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Daily Market Update – January 15, 2014 (Close)
After two diametrically different markets to start this week, each being attributed to remarks from FOMC members, it’s worth noting that in the next three days there are 5 more addresses scheduled by FOMC members, including outgoing Chairman Ben Bernanke.
While some were calling yesterday’s moves a “Key Reversal,” it didn’t really fit that billing, but even then those so designated days don’t always live up to their name and don’t necessarily predict future direction.
Then again, if today’s triple digit gain was foretold by the tape, I apologize, but am happy to do so, as it brings us one day closer to monthly expiration and one day closer to meeting goals.
With Bank of America also reporting good earnings the banks are continuing the same script of the past few quarters and that, too, has signified little as far as predicting the future goes.
There is clearly some nervousness in the market that is reflected in the size of moves in individual stocks as well as some of the intra-day moves being observed without obvious catalysts. While it’s still plausible to consider that some moves are the result of tax related strategies that plausibility shrinks with each day, as each day brings risk of creating a reduction in paper profits that exceeds the tax savings by deferring its payment by 12 months.
Today, for example there were large intra-day moves in Walgreen and Lexmark.
Walgreen was being prepared for a Trading Alert yesterday. Hd it been about 5 minutes earlier it would have come before a segment on CNBC about the stock, which then saw its price move higher and out of range. Later in the early evening it was featured on Jim Cramer’s “Mad Money.”
This morning after its price went higher initially, it came down to yesterday’s price point.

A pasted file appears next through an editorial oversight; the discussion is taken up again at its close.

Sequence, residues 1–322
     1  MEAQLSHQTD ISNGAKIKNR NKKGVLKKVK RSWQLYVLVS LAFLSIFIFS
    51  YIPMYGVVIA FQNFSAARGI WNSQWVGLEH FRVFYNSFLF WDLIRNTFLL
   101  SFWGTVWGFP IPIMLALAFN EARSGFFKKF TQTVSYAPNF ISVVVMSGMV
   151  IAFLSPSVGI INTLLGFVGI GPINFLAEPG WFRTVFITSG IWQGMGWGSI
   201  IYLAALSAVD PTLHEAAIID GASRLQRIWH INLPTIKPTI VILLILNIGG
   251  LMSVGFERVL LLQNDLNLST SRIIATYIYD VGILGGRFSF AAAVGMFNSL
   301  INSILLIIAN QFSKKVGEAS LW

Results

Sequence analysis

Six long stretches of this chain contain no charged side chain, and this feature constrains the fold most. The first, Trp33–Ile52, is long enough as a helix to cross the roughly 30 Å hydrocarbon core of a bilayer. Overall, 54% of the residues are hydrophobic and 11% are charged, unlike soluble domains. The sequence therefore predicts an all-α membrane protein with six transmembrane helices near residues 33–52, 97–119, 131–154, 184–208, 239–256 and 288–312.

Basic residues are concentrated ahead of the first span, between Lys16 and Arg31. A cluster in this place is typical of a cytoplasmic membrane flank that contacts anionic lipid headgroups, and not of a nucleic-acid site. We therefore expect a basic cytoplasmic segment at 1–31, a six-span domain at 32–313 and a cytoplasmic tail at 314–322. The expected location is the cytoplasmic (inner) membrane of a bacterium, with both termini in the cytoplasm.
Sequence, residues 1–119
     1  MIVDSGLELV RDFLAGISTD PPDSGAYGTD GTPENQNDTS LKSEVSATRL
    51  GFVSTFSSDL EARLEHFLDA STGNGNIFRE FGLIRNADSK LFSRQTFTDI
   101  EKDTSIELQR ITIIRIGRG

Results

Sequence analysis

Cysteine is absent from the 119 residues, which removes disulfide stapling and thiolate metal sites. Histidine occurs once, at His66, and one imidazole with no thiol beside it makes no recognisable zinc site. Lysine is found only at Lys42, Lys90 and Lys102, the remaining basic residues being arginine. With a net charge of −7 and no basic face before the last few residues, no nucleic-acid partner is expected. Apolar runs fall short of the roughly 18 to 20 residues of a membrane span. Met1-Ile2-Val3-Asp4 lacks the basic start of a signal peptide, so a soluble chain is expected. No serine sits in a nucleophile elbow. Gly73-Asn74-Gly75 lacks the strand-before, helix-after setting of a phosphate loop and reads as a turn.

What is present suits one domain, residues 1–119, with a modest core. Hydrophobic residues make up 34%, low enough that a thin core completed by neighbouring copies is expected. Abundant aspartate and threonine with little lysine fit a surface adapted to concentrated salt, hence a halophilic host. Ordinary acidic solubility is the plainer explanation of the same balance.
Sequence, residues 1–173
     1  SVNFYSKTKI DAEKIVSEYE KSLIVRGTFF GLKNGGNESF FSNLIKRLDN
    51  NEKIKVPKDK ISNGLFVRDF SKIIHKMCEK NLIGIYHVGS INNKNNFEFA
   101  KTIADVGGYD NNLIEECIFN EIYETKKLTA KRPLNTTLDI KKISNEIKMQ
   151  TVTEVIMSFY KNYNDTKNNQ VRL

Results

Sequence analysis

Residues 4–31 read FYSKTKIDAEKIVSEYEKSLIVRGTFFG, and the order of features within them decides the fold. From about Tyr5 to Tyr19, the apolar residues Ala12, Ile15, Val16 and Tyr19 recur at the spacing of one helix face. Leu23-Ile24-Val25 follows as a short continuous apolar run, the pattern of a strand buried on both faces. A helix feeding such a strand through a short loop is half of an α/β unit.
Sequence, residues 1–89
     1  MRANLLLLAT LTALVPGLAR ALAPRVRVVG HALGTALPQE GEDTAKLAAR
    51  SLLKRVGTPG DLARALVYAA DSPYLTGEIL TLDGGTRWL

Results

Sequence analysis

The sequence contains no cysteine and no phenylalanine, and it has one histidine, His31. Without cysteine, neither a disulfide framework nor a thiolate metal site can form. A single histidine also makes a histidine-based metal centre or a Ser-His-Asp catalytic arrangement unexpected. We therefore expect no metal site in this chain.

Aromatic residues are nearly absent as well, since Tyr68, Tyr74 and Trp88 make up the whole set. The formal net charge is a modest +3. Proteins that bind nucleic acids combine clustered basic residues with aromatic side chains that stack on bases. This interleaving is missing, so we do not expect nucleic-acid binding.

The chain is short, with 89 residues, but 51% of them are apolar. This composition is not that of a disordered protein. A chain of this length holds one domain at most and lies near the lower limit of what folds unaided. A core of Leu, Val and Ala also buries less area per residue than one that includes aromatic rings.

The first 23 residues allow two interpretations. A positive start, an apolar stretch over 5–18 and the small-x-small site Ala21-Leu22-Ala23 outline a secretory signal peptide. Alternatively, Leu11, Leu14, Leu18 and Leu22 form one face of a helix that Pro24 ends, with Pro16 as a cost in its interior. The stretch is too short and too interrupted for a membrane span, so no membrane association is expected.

About an hour after the purchase shares fell about $0.40 in a 15 minute span on suddenly heavy volume, clearly someone dumping shares.
Later in the afternoon, Lexmark, which had gone nicely above its $36 strike price during trading also went down about $0.40 in 6 minutes on very heavy volume.
While the bank earnings have been good, Fastenal, which had pre-announced, yet again, a few weeks ago was lower, as it announced its earnings. At least this time it’s pre-open move wasn’t as severe as on previous occasions, whether up or down in direction. Fastenal is a metric of its own and lower sales are never a good sign, especially if their competition, Grainger, announces similar results next Friday.
The opening bell wasn’t as kind to shares, however. I’m still not certain why anyone is surprised when earnings are released following pre-announcement disappointments.
The good news about Fastenal is that it’s so resilient and just keeps hanging in at the $47 level. For those have have been along for the ride over the past 7 months and five bouts of ownership, the return is about 33%, even though shares haven’t budged in price.
Why can’t there be more stocks like that? It’s one of those shares that I would prefer to rollover than to see assigned. It looks as if after this morning’s reaction assignment is not in the cards. Hopefully rollover is, but the way things go, Friday is still an eternity away.
In fact, tomorrow is also an eternity away, as I wanted to sell calls on shares such as Eli Lilly today, but it doesn’t offer expanded options and the only choices available were either a paltry premium for this week or a paltry premium next month, due to having fewer strike selections and being in-between strikes.
For the rest of the week I’ll still be looking for some places to spend money, as I’m still willing to take cash reserves a little lower, especially if it looks as if a fair number may be assigned or rolled over on Friday.
The first of the potentially market moving speeches is at 12:50 PM today and the second comes well after the market’s close, so there may be some tentativeness in trading up until those speeches and perhaps a little flurry after the first then becoming tentative over concerns about what may be said in the after hours.
But then there’s another speech prior to the market’s open, so there may be offsetting messages, leading up to Ben Bernanke at 11:10 AM.
By Friday at 12:30 no one is really going to care what Jeffrey Lacker has to say, as these monthly ending option cycles tend to have lives of their own and aren’t likely to turn on a dime.
With the month now at the midway point the DJIA is less than 200 points from its all tie record, yet everyone was spooked by Monday’s 1% decline. You can easily make a case for momentum continuing to pull the market forward, but it will either be helped out or battled back by earnings.
While I’m not expecting the 6% improved earnings, at least on a share adjusted basis, I also don’t expect any great surrender, either, so there’s still likley to be some personal spending ahead.
Hopefully, a strong finish to the week will see to it that there are sufficient assignments to fuel that kind of folly.
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